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Preparations before Marriage Preparations for marriage start from young.Like the Dobe Ju/'hoansi, much of the proceedings involved are based on pragmatic needs, and often the reason why objects are exchanged is due to their material functionabilty.The young couple will live in the main household and receives a bamboo pillow, a mosquito net, and a pile of mats for their bed to demarcate their space in the house.
Marriage marks the end of her youth and her ability to have fun and the start of taking on responsibilities.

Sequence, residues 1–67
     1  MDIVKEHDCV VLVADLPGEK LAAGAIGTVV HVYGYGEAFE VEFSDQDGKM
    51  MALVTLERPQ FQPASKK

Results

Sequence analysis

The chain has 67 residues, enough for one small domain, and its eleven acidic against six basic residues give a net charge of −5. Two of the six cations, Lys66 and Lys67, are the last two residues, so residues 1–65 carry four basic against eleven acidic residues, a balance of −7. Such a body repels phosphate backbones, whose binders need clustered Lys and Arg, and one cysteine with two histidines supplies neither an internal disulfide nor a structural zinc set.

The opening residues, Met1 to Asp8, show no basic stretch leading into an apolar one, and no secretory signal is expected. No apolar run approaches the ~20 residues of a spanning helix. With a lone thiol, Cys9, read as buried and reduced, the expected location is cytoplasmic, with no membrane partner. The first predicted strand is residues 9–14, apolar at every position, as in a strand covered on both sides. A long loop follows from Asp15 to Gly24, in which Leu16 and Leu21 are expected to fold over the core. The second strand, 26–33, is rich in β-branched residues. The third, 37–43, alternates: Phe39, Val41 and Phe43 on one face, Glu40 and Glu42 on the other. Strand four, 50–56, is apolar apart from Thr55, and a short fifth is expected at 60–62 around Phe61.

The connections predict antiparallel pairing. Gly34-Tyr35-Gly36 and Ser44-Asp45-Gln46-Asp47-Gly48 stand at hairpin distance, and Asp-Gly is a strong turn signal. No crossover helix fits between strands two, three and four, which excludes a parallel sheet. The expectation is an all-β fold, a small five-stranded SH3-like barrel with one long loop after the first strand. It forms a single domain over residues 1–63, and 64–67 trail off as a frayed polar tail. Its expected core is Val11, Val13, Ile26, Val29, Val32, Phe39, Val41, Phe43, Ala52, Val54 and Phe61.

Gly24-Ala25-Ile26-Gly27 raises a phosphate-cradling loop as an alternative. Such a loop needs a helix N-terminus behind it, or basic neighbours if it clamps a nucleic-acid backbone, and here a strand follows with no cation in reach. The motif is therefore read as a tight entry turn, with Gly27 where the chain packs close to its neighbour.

As asserted previously, the exchange of these items is motivated by pragmatic concerns, such as ensuring a sufficient food store, food source, etc.
The larger cultural concern of sustaining life and pragmatism is reflected here, as it is of paramount importance that a man be able to upkeep his family after he gets married.
Girls have to master various techniques to weave a variety of mats and tapa (bark cloth), which will be their betrothal gifts.
The symbolic significance of these mats is to represent their virtuosity.
Much of their childhood is also spent gaining skills to prepare their role as a wife, such as attaining proficiency to manage household chores.